In Louis Zamperini’s updated autobiography of 2003, he expressed a deep desire that his conversion experience be a significant part of any movie made about his life. The Lord had saved him out a life of post-war recurring nightmares and hateful resentment through a Billy Graham evangelistic crusade in 1949.
On page 272 and 273 of his updated autobiography, Zamperini wrote:
After the (first) publication of my book (autobiography, Devil at My Heels) I got a call from Universal Pictures, telling me that Tony Curtis wanted to play me and had asked them to buy the book. I was about to sell my house and I needed some cash to purchase a new one in the hills, so I agreed. Universal drew up a contract, but when I read it I said it wasn’t good enough.
“That’s a standard Hollywood contract,” they said. “It’s all we can give you.”
I knew they could give me whatever I wanted, and they probably thought I wanted more money. I didn’t. “I need money to buy a new house,” I explained, “But that’s not the problem. Money is not as important as a guarantee not to minimize my conversion or its influence on my life. I have to have some protection for my faith.”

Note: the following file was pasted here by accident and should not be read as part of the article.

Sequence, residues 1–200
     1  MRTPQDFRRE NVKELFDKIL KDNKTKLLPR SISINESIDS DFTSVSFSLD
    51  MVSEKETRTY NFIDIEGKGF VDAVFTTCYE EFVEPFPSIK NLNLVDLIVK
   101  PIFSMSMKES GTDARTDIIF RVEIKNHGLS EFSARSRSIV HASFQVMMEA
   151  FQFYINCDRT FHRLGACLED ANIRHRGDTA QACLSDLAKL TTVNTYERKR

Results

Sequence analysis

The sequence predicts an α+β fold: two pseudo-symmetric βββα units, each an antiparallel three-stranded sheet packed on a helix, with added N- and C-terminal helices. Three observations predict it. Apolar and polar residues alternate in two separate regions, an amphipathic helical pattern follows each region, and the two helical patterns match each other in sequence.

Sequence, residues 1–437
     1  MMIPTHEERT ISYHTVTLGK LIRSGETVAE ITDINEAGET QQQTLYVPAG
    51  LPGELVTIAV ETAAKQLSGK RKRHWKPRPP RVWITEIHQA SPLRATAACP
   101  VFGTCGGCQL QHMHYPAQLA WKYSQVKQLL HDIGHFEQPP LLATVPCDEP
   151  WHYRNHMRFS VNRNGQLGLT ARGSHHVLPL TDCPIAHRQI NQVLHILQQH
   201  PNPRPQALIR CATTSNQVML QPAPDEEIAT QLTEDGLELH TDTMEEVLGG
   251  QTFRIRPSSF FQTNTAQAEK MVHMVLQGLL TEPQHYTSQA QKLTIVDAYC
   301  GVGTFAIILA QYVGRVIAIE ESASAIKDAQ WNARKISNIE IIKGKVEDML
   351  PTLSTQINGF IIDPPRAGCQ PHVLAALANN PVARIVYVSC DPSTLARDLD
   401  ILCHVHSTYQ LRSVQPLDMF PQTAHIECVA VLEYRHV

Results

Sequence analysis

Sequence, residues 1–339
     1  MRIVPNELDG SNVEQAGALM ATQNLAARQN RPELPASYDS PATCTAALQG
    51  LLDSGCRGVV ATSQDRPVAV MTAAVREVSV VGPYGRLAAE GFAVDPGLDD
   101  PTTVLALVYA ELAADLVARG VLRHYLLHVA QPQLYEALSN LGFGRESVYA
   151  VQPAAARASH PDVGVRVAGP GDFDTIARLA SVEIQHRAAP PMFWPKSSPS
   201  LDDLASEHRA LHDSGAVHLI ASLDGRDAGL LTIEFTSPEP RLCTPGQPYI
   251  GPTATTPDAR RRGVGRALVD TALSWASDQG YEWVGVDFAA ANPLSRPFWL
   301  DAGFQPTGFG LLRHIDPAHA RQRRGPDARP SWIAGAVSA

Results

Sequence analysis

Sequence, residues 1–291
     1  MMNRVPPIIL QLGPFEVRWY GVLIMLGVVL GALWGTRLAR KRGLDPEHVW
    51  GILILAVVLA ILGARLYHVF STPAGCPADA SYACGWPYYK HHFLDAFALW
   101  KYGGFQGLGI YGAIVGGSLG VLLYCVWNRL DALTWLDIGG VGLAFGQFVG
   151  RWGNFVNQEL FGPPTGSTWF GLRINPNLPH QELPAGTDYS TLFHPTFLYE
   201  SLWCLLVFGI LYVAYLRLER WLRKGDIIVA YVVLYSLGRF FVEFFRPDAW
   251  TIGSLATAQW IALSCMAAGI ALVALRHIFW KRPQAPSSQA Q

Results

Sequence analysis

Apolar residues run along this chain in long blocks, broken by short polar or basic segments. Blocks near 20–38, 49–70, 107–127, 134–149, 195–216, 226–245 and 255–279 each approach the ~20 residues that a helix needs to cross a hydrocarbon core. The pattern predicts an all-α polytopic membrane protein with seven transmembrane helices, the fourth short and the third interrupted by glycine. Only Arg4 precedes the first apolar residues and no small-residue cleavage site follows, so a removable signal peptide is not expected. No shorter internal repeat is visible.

I told him that they’d made a picture called Battle Hymn in which Rock Hudson played Colonel Dean Hess. A World War II flying ace, the real Hess came home and joined the ministry; then they drafted him back into the Korean War and nobody knew he was a minister. I knew Hess, and he had told me, “If they ever make a movie of your life, get a separate contract to protect your faith. I have to live with my movie for the rest of my life, and believe me, it’s not pleasant. Don’t let them do it to you.”
I didn’t want much, just a moment to show Christ as in Isaiah 9:6, as both God and Savior. The producer wrote a couple drafts of the contract, but Cynthia and I turned them both down until he came up with something we liked. ThenI made the deal and a script was commissioned. Tony Curtis went to Europe to make Spartacus, then to South America for another film. When he got back the script was ready, but I didn’t like it and neither did universal, so they put it on the back burner.
You can hear a 56 minute lecture on The Life of Louis Zamperini based on Devil at My Heels, here: